Monday, 19 July 2010 09:11

Asus' ROG Rampage III Gene up next in the lab

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08-boardAs another product comes down off of the bench we get to crack open new one. This time we break open the Asus Rampage III Gene. This Micro ATX motherboard is the baby brother to the Rampage III Extreme and has some of the same core features, just in a smaller package.  The smaller size makes it perfect for installation into portable LAN party cases. With a retail price of about $230 (about $150 less than the Rampage III Extreme) it could be an amazing deal if the features and performance are even close to its big brother. Let’s tear open the box shall we?

We won’t get too deep into the actual box on this one as it is very similar to the one that the Rampage III Extreme comes in. It has the same graphic on the front (the starburst in the corner) along with the same logos along the bottom.  It really just looks like a chopped off RIIIE box.
Opening the front flap gives you the first indication that something is not the same. Unlike the larger versions there is no window to see your new motherboard on the RIIIG. Instead there is a listing of some of the major features.

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Now remember how we said it was perfect for LAN party cases? Well under the flap we see our first indication that this is a LAN party geared board. This is the GameFirst feature. GameFirst is a fancy name for a software based QoS system that can work regardless of the LAN you are connected to. It is a nice feature in on paper, later we will see if it really works. The X-Fi feature shown here does not mean you are getting a Creative Labs X-Fi; what is means is that Asus has bought the right to install the X-Fi software on the existing audio CODEC. In this case another Via CODEC (SupremeFX).
The back of the box is just a repeat of the inside flap with a detailed specification listing. Inside the outer box is another inner box which brings back the feel of the RIIIE and other ROG boards.

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The loot for this one is still up there in terms of the things you get.  You get three pair of SATA II cables, two SATA 3.0 cables, a Crossfire/SLI bridge, the ROG Connect cable, stickers to label everything, manual, driver/utility DVD, I/O shield and a large case sticker shaped like the starburst on the front of the box.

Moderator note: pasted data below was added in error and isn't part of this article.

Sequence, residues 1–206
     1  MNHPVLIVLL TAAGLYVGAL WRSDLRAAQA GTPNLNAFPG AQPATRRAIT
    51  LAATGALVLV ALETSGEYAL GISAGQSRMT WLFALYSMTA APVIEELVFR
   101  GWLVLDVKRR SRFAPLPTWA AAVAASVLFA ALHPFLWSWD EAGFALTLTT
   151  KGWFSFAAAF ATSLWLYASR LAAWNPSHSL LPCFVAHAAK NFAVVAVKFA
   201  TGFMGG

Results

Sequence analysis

Pulling the board from the box we find the RIIIE in miniature, well sort of.  As we mentioned above the RIIIG is a micro ATX board. It has a full X58 chipset and six slots for RAM crammed around a LGA 1366 Socket.  To call the tracing on this board complicated would be an understatement.

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As this is still and ROG board you will find voltage monitor points on the board right next to the 24-pin ATX power connector.  Oddly there is also a four-pin fan header right hear along the edge of the board, it is labeled CHA_FAN2.  In the corner, right next to the CMOS battery, we see a CPU fan header.  Again this is a little bit of an odd placement, but it is still easy to reach. The CPU space is a complete departure from the RIIIE. The nice FPCAP is missing and the cap, choke and VRM layout is very different from what we have seen on the RIIIE. The 8-pin Aux power connector has been put in a little bit of an awkward place making it a chore to get connected. I would recommend getting an extension cable for this one.

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In this shot you can see how close the X58 Northbridge cooling is to the primary PCIe slot. However, this placement can’t be helped with the size of the board and the number of slots that Asus wanted to get onto it. Speaking of slots, here we have a great view of them. There are two fully x16 PCIe 2.0 slots along with an x4 PCIe slot and a PCI Gen 2 slot. In this shot we can also see the 1304 header, the Audio Front Panel header, the cover for the SupremeFX X-FI (although it is whited out).  The GoButton and the nice power (labeled Start) are also visible in this shot. The GoButton is a very cool feature. It can be used to dynamically set the proper memory settings on your system or, when you are in windows, you can use it to switch to a preset overclocked profile.
Looking at the lower portion of the RIIG from the other angle we find the typical Six SATA II ports and two Marvell controlled SATA 3.0 ports. These two SATA 3.0 ports are also controlled by Asus’ Drive Expert giving you fast options for setting up SATA 3.0 RAID in the BIOS. You will also notice (right above the front panel header) a pair of jumpers. The lower one is to reset the BIOS while the top one is the QPI voltage jumper.  This jumper prevents the QPI voltage from dropping too low during overclocking for better stability.
Flipping around to the back we find ports very similar to other ROG boards. We can see the USB 3.0, the ROG connect port and switch, and other fun stuff. I would have liked to see the RC Connect in there, but that was not the case.  So with all that out of the way, we are going to drop our Core i7 980X onto this thing and see what we get. I have a feeling we will be impressed with this board, after all it is cut from the same cloth as the other ROG products and they all have been well above the curve.


Read 8343 times Last modified on Monday, 19 July 2010 10:13

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